There will be no bloc of ‘emerging economies’ rising up to challenge the Western order. But what comes next may be more chaotic and dangerous.” ~ Suzanne Nossel, July 6, 2016 Foreign Policy

B
ack in 2008 it was easy to see scholars, analysts, and diplomats all clamoring about the coming global transformation, where American hegemony would be on the wane and ultimately overcome by new powers and new power organizations like BRICS and MINT. That prophecy no longer seems destined for realization.

And yet it also does not signal that American power remains ascendant or that the ‘West’ will remain the cultural and economic hegemon for the entire globe. Back when rising powers were in style, theorists diverged on what to expect from their foreign policies. Some expected the leading democracies to align with Washington, whereas others foresaw a solid political bloc of BRICS-type countries holding Western influence in check. Neither vision came true. This reality is what gave birth to the vision that is the Journal of Rising Powers.

Indeed, if anything, the new geopolitical calculus of global affairs and power positioning is one of constant flux, dynamic interaction, and unreliability. The Journal of Rising Powers was created to dive deep into these processes, revealing the subtle nuances rarely addressed in media and scholarly analyses today. Geographically open and thematically broad, the Journal of Rising Powers is most interested in analyses that are able to document the connective bridges (or failed attempts, as it were) between established powers and rising powers. JRP is also intrigued by the new initiatives, strategies, and policies that potentially challenge the global order and how, conversely, counter-strategies seek to concretize the existing system. As such, JRP will dive across politics, diplomacy, military, science and technology, economic development, foreign policy, and intelligence in each and every issue.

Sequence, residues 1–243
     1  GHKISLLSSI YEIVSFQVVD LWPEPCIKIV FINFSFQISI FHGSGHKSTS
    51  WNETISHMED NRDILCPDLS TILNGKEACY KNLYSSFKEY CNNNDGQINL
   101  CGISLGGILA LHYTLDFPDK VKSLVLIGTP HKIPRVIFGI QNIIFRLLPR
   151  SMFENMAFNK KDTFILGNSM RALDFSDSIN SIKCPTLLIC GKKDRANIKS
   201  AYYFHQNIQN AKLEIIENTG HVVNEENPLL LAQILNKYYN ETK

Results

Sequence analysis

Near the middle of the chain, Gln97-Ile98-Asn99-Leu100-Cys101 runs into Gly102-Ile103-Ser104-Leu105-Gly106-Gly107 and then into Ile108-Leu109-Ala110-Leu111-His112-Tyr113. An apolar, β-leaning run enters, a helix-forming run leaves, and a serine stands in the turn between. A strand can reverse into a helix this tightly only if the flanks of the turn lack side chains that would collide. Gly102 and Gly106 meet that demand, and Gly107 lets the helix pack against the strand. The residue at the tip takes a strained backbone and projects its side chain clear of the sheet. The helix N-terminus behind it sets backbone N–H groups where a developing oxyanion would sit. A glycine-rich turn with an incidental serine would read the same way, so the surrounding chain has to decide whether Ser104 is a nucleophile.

JRP does not represent a chronicle of anti-Americanism or some tired testimony to the ‘rise of the rest.’ Rather, JRP is a pragmatic and realist admission that the world system is, for the foreseeable future, going to remain chaotic, ever-changing, unstable, and ill-defined. But this does not mean our job as analysts is to give up and walk away despondent. Rather, the contributors to JRP believe this chaos gives unique opportunity: it is a chance for new voices and new subjects to emerge center-stage and be given a spotlight that up to now has been too rarely offered.

We are especially pleased that while JRP operates on the standard open, blind, peer-reviewed system common to all academic journals of quality, the editorial team makes every effort to establish contacts with scholarly voices far outside of the traditional Western canon. We believe those voices deserve to be heard and these analyses deserve attention. The frustration that so many writers ‘from the rest’ feel in trying to get published ‘in the West’ is proactively engaged by JRP. Given the plethora of fine writers within the West that also submit to JRP, it means this journal will hopefully be a unique mosaic that represents the best of ‘new research:’ intellectually rigorous, academically relevant, empirically accurate, and policy impactful.  

Dr. Matthew Crosston

Dr. Matthew Crosston is Vice Chairman of Modern Diplomacy and member of the Editorial Board at the International Journal of Intelligence and Counterintelligence.

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